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I'm sure everyone would like to own a private course. Realistically, not counting land costs, how much does a 18 hole course with multiple concrete tees cost? Please include professional design fees, tee signs etc. Anyone with experience in this area?

Tags: costs, course, courses, private

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Unless the alterrnate pins are going to be near each other like the "green" concept used at courses like Token Creek or Moraine, there's a possibility the alternate pins will not be placed appropriately for the same skill level as the original design unless the designer knows how to maintain appropriate lengths for that skill level. That's one benefit of having an experienced designer up on the latest techniques.
AlternaTour said:
And how much cost would an experienced designer add to a project?
Depends on the designer and the going rate in that part of the country. There are some designers who charge more than $200 per hole. Others fall in the $1000-2000 range for an 18 hole course with multiple tees. The biggest factor in design cost has to do with how much clearing is required. It can take 10-20 times as long to do what's needed for a 300 ft fairway carved out the woods using a bulldozer versus using the existing terrain with little clearing other than a few branches here and there. I charge by the hour and have done simple 9-hole designs on mostly open ground near athletic fields for as little as $125 which included mileage. Then, more extensive projects with multiple trips, supervising clearing, overseeing/doing installation, doing GPS maps and signage might run $4000-$5000 for 18 where maybe up to $1000 of it might strictly be travel reimbursements.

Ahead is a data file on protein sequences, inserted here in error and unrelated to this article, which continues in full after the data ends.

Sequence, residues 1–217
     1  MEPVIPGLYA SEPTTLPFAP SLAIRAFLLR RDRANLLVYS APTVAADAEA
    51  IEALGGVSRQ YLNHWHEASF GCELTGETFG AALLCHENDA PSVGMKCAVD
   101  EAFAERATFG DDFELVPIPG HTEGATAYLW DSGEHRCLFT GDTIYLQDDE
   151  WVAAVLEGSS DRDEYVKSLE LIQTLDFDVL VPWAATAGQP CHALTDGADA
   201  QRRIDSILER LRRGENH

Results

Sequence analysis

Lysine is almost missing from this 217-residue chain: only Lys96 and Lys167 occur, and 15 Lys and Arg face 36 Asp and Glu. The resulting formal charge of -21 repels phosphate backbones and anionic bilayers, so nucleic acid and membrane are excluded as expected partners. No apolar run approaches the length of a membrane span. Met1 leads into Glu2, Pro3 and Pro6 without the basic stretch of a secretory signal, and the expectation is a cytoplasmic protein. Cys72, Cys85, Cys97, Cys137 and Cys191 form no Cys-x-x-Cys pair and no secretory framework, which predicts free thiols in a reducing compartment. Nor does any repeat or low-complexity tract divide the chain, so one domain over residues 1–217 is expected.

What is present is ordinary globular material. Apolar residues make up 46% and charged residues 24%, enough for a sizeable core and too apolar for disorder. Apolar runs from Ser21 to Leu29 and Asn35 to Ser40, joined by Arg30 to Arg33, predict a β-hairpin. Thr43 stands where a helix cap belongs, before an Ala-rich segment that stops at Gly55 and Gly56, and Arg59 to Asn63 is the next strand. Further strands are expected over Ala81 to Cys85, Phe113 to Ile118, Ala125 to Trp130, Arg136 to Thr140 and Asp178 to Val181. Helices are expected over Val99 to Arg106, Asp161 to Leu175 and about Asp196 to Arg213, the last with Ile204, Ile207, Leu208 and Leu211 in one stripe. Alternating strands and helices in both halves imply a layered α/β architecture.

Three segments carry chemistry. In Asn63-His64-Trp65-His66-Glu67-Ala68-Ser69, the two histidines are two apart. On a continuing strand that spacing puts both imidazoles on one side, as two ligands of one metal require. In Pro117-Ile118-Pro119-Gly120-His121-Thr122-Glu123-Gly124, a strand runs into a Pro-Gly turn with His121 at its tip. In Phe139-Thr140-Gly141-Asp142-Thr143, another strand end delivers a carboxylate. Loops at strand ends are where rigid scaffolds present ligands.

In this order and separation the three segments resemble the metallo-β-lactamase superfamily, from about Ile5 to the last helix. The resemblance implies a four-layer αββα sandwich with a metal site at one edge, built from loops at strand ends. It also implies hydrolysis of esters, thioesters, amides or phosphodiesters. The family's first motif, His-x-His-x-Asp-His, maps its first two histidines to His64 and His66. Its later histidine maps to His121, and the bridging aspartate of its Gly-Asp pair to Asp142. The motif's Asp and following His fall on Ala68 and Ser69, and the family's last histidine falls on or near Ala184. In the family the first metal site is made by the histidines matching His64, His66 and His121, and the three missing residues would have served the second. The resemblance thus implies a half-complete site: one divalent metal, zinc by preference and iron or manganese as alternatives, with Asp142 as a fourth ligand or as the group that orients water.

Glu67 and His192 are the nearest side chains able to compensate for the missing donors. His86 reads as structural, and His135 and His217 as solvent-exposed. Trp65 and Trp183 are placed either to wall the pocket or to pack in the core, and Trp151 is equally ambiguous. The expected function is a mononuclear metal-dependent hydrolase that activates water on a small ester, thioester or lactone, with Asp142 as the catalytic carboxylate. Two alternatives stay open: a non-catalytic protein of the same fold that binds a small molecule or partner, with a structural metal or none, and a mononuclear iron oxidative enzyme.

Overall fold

Doing things free by people who have trained for and developed the expertise is what undermines professionalism all thru our sport whether websites, course design, teaching, not charging to play, etc. You're part of the problem if you're not charging a fair price for the obvious expertise you've developed over the years. Park departments more than expect to pay for landscape architect firms to help them with their master planning projects at way more than we charge. There is no such thing as a certified designer, just members of the DGCD group which anyone can join. However, we provide a document to help Park Departments select an appropriate designer for their project which might be someone who is not member.

No wonder we don't get the respect for the sport and are bumped in the budget by soccer, softball or hockey projects. Despite your extensive experience, it still looks like you're not up on the latest standards for hole lengths that match skill levels (few are and few validate their designs) and other things like marking OB and buncrs. You and others who are involved with design are all welcome to join.